Schubert's completed symphonies, made to sound like Bruckner

I am a fan of completing romantic symphonies, and today I pulled out a 1983 CD on Philips of Sir Nevil Marriner’s performance of the “complete” Unfinished Symphony #8 in B Minor, D. 759.
  
The third movement is a setting of a B minor scherzo (orchestrated and perhaps touched up by Brian Newnbould) and trio that had been sketched on the piano and used before on an Odyssey (Columbia) recording.  For the Finale, Marriner uses the Entr’acte in B Minor from Rosamunde, and it really does work.  It is in deliberate but lively tempo, has some daring harmonies, and goes into the Picardy B Major at the end.  Marriner lets the final chord die away (and this sometimes done by some conductors with other Schubert orchestral works, even the Great).  That may be appropriate in a ballet setting, but if the movement is used to close the symphony, I think the full fortissimo should be sustained.
   
It’s of course worth noting that the first two movements, as familiar as they are, do look forward to Bruckner.  The first movement, almost an animated slow movement in triple time, has a relatively simple architecture, and puts its lovely second theme firs in G Major and then the relative D Major, before returning to B minor (and ending with a diminishing B Minor chord, an effect I don’t get.  Dvorak ended his New World Symphony with a similar idea.)  The famous Andante con moto in E Major sounds faster than the opening Allegro moderato here.  It’s interesting that Bruckner’s own “unfinished” 9th ends with an E Major slow movement, but then that work got finished, too (March 8, 2011).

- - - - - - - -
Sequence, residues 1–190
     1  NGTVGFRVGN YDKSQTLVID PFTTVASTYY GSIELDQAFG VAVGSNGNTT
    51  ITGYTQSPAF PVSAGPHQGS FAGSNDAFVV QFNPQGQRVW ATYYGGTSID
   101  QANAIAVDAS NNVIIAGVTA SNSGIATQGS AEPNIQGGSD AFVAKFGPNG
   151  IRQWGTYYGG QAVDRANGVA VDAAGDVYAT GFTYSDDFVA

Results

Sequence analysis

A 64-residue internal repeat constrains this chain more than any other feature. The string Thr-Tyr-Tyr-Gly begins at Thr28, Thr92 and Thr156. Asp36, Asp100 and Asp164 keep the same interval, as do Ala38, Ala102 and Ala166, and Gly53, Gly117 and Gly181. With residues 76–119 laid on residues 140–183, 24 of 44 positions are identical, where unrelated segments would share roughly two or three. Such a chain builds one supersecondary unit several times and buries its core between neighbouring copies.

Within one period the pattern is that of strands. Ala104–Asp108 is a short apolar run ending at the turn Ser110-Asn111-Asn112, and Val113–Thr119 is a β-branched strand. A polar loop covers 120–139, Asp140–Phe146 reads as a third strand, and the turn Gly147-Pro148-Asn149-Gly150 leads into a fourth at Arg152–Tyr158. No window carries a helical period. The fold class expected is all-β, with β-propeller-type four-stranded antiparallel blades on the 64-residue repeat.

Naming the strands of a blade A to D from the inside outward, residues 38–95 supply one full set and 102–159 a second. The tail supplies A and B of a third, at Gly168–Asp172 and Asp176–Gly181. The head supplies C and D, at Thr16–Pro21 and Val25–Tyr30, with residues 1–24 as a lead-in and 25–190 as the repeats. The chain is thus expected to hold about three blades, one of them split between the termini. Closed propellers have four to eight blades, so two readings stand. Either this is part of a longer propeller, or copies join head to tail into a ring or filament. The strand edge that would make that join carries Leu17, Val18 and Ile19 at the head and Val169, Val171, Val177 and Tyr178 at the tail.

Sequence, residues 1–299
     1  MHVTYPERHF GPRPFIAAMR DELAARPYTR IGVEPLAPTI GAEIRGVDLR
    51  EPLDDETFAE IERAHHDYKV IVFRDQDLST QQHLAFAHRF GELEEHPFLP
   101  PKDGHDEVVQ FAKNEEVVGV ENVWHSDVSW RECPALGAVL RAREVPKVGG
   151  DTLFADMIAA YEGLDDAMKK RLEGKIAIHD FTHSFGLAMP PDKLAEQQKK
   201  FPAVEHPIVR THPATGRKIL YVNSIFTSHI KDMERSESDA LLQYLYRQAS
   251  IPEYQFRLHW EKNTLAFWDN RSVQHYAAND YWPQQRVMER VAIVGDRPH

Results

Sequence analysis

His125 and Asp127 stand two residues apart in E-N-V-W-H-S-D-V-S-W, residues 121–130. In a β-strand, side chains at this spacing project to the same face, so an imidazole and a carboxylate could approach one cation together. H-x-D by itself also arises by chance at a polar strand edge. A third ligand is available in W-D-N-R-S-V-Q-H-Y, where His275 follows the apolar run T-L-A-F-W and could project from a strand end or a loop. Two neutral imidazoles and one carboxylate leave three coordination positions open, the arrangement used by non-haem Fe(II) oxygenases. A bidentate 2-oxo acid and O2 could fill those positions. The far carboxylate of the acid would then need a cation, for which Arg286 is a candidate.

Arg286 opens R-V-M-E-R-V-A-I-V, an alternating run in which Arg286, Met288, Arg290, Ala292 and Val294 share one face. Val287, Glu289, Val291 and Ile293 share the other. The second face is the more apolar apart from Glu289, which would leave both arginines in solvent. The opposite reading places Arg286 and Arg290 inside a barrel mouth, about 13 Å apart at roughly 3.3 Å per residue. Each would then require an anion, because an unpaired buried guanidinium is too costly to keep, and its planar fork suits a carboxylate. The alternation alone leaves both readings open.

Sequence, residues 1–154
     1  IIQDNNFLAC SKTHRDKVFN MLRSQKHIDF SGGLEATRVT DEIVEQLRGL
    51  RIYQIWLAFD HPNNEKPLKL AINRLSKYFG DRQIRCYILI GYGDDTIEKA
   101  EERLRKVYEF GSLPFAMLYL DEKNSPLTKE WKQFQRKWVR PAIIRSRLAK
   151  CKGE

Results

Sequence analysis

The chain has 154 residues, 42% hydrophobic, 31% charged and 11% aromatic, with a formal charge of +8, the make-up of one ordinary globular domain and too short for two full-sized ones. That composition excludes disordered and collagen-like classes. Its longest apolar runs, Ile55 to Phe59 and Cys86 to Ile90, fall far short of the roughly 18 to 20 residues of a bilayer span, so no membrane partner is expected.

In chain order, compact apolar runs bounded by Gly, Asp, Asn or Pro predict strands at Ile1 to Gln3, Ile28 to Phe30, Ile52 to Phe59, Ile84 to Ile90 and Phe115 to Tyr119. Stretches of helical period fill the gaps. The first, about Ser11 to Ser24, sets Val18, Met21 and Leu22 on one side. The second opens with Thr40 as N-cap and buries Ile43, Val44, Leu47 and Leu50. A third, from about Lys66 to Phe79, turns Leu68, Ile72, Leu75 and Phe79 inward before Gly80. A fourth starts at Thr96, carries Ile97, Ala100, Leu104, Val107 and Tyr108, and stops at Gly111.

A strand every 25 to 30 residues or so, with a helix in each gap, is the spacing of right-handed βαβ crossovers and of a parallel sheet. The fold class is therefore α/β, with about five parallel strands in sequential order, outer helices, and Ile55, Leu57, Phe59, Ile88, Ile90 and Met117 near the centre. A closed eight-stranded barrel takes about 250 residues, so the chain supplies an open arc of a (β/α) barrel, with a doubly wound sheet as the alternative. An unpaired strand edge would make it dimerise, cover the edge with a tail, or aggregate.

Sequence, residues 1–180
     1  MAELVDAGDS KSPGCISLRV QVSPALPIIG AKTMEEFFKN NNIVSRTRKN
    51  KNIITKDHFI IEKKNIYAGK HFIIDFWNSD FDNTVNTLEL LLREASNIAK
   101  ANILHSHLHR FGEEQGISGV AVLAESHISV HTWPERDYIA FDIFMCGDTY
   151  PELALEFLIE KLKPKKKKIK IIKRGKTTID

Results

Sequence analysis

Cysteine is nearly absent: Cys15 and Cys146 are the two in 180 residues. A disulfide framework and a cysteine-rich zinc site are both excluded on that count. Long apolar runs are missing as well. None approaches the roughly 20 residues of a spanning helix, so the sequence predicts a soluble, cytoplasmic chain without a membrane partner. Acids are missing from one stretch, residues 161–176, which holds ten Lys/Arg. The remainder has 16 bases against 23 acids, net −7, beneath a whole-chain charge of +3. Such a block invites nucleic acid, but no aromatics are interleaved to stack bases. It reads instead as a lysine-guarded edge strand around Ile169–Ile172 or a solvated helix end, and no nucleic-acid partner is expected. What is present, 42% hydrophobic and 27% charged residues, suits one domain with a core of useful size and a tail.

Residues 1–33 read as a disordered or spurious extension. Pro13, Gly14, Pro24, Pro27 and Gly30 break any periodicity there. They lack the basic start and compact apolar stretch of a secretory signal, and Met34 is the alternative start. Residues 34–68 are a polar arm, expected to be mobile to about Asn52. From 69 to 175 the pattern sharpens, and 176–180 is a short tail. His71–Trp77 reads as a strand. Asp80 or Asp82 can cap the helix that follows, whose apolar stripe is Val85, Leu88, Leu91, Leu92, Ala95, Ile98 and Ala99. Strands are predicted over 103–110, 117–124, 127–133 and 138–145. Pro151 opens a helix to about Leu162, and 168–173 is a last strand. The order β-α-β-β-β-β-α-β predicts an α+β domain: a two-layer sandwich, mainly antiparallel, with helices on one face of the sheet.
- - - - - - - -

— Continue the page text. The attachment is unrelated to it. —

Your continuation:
The CD has a setting of fragments from the proposed Symphony #10 in D, as orchestrated by Brian Newbould. These fragments are rather insignificant and featherweight as presented.  In fact, the Finale fragment dies away suddenly in F# Major.
   
I do have the Ricacare CD of the “completion” of the D. 936A work as completed by Belgian conductor Pierre Bartholomee.  Running about 40 minutes,  the work seems almost complete and is quite moving.  The first movement, Allegro Maestoso, in D, really does anticipate Bruckner even more.  The development section seems abbreviated, but Newbould said that what sounds like a Recapitulation is really further development.  The recording presents a long, expansive coda, ending in brazen triumph, that really does sound “Brucknerized” (recalling the way Bruckner ends the first movement of the Fourth). The second movement, in the relative B minor, is a slow waltz in 3/8, Andante.  If played slowly (as Bartholomee does), it sounds like it comes right out of the world of the Mahler Wunderhorn symphonies.   Newbould’s sketches on the Philips hardly convey this impression of either movement.   The third movement is really a completed scherzo in D (D 708A), and fits pretty well.  But it has some unusual counterpoint for a scherzo and is formally really a Rondo.  The Finale, as Bartholomee presents it, is a closing Rondo, again lively, which accepts the fact that the work has already risen to its greatest heights.  A comparison could be made with the finale of Beethoven’s Second. 

The Seventh, in E Major, by the way, is an orchestration of a 2-piano work. Is that why Bruckner chose E Major for his own Seventh?
     
The other big “unfinished” complete work is the Mahler Symphony #10 in F#, of which the best recording is Ormandy’s on Sony-Columbia in the 1960s.  Don’t forget Puccini’s “Turandot” either (which I saw in Dallas in 1980, the night of Reagan’s victory).